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12" Threaded Pipe

I (the estimator) have been quoting and repairing steam leaks in 100 plus year old buildings for years now. Of course we flange and weld our repairs but it always amazes me how those old timers would have threaded that 12" pipe (8 and 10 also), our guys struggle with 3 and 4".
Does anyone have any idea how they were able to do this? I cant find anything online that talks about how they did it.


  • Intplm.
    Intplm. Member Posts: 1,386
    That's a very good question. One that I have asked many times.

    I've also wondered how they screwed it all together and not have it leak.

    It is my understanding that they used a type single bit that was rolled around the pipe, cutting the threads.

    Nowadays, a CNC machine at a machine shop would do the threading.
  • jerryb46
    jerryb46 Member Posts: 56
    when the dead men put those systems in they were not afraid to work, When i started 45 yr ago i asked an old time steam man in NYC how it was done when he started in the 20's and explained to me about chain falls scaffolds, jacks and cribbing.
  • mattmia2
    mattmia2 Member Posts: 5,967
    So they threaded it with a milling machine with an auto feeder that matched the thread pitch that probably also rotated the pipe?
  • dopey27177
    dopey27177 Member Posts: 873
    55 years ago I worked in the Brooklyn museum in New York City.
    I was a young mechanic at the time we had to remove a 12" nipple and cap from a T at the end of a steam main just outside of a concrete wall and install a short nipple (not available for purchase) The short nipple was needed to install a transmission piece to weld an adapter to a 12 x 8" fitting so a new extension to the steam main could be installed.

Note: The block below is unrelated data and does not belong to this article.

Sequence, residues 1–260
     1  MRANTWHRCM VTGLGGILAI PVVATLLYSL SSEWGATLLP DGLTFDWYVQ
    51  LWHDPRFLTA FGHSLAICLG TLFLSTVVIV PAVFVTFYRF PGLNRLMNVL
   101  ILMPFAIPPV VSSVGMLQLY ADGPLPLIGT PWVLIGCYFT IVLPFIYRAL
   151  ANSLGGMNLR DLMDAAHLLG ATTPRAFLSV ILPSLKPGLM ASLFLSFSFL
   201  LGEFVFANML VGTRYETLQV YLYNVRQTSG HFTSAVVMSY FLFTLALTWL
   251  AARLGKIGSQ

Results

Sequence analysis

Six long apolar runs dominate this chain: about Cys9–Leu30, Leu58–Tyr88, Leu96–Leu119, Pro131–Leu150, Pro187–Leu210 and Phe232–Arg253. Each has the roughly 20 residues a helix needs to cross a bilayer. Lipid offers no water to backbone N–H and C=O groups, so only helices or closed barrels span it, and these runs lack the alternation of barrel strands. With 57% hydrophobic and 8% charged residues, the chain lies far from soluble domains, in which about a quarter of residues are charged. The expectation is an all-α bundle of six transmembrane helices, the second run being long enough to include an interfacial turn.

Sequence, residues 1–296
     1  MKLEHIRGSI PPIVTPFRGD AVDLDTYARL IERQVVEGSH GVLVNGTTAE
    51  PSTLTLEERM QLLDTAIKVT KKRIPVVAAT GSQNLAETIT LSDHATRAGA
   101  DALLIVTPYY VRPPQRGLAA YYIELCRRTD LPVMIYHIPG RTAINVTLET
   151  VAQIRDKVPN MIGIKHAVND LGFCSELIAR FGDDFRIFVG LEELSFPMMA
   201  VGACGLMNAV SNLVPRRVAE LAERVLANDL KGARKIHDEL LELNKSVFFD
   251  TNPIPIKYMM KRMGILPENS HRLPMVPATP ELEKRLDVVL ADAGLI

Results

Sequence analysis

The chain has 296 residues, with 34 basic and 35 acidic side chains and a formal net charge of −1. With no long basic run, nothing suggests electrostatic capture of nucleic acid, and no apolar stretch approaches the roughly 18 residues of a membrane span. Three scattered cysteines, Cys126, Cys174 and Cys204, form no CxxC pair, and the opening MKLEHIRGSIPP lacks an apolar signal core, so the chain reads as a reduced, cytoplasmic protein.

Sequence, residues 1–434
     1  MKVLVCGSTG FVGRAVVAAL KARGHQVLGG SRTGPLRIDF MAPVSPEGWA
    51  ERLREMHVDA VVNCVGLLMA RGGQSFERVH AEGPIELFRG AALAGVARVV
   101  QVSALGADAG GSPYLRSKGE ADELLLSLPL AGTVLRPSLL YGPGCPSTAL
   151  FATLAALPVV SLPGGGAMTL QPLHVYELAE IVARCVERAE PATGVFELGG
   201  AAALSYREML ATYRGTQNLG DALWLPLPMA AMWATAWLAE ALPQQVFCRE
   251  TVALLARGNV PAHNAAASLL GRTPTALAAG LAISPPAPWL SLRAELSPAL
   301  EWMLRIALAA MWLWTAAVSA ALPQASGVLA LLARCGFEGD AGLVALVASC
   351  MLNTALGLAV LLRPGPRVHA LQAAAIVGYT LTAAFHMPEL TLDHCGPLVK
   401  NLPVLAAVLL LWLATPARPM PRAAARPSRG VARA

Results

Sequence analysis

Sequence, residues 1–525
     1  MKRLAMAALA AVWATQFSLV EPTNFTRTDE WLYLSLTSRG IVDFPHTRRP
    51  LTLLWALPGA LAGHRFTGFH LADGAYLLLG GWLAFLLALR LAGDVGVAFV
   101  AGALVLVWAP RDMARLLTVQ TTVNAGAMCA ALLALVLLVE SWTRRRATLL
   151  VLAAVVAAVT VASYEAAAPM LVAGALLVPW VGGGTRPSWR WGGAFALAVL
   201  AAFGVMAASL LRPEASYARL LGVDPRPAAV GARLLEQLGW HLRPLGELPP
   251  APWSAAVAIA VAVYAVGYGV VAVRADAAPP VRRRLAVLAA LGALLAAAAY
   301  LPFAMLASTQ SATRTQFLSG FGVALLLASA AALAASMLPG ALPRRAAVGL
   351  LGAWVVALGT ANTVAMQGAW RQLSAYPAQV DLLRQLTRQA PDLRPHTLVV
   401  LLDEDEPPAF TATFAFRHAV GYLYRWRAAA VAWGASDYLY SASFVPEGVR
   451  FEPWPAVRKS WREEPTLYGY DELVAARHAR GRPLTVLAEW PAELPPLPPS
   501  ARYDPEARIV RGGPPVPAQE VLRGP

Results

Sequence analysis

My boss had to rent a stock and die and a donkey with a bench vise from a pipe yard in Virginia.
    He also had to buy a 1/2 length of 12" pipe. The cost for the rental and pipe was $1700.

    It four of us to make a 48" nipple 6 hours. The wrench we used was a giant chain wrench which was rented also, luckily we did not have to use a hold back wrench.

    Let me tell you those steam fitters were men of iron.

  • mattmia2
    mattmia2 Member Posts: 5,967
    Wouldn't it have made more sense to cut the nipple and weld a flange to it in place?
  • retiredguy
    retiredguy Member Posts: 618
    edited April 2021
    About 30 years ago, I visited a high school in Erie, Pa. where I was sent to answer questions the contractor had about a couple of H B Smith boilers. The 16" steam header and all the piping in the boiler room from 12" down was threaded as was all the OS&Y valves and fittings. What a sight it was. According to the head fitter who looked as old as dirt, said that those pipes were threaded by hand with a ratchet threader. Then the fittings and valves were put together with pipe tongs using a pipe dope similar to "litharge and glycerin". Then the threads were set by someone using a 4-6 lb hand sledge pounding on the inside of the pipe. I am not positive if that is how it is actually done but that is what that guy said.